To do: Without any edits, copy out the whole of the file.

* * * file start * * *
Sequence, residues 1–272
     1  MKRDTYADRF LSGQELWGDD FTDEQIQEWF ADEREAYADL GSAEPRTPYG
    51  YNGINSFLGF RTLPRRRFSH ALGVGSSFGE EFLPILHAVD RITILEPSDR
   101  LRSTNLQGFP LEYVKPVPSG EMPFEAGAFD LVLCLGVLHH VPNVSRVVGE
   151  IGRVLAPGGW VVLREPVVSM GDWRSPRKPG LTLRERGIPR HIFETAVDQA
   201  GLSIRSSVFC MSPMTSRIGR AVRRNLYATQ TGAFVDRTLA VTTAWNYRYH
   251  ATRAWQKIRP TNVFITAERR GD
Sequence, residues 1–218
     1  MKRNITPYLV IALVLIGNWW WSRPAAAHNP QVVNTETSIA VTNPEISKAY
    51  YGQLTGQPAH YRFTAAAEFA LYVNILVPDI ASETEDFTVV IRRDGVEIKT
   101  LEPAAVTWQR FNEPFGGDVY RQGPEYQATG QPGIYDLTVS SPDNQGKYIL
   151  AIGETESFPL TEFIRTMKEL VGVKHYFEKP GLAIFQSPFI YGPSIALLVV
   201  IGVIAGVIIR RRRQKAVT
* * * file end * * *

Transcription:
Sequence, residues 1–272
     1  MKRDTYADRF LSGQELWGDD FTDEQIQEWF ADEREAYADL GSAEPRTPYG
    51  YNGINSFLGF RTLPRRRFSH ALGVGSSFGE EFLPILHAVD RITILEPSDR
   101  LRSTNLQGFP LEYVKPVPSG EMPFEAGAFD LVLCLGVLHH VPNVSRVVGE
   151  IGRVLAPGGW VVLREPVVSM GDWRSPRKPG LTLRERGIPR HIFETAVDQA
   201  GLSIRSSVFC MSPMTSRIGR AVRRNLYATQ TGAFVDRTLA VTTAWNYRYH
   251  ATRAWQKIRP TNVFITAERR GD
Sequence, residues 1–218
     1  MKRNITPYLV IALVLIGNWW WSRPAAAHNP QVVNTETSIA VTNPEISKAY
    51  YGQLTGQPAH YRFTAAAEFA LYVNILVPDI ASETEDFTVV IRRDGVEIKT
   101  LEPAAVTWQR FNEPFGGDVY RQGPEYQATG QPGIYDLTVS SPDNQGKYIL
   151  AIGETESFPL TEFIRTMKEL VGVKHYFEKP GLAIFQSPFI YGPSIALLVV
   201  IGVIAGVIIR RRRQKAVT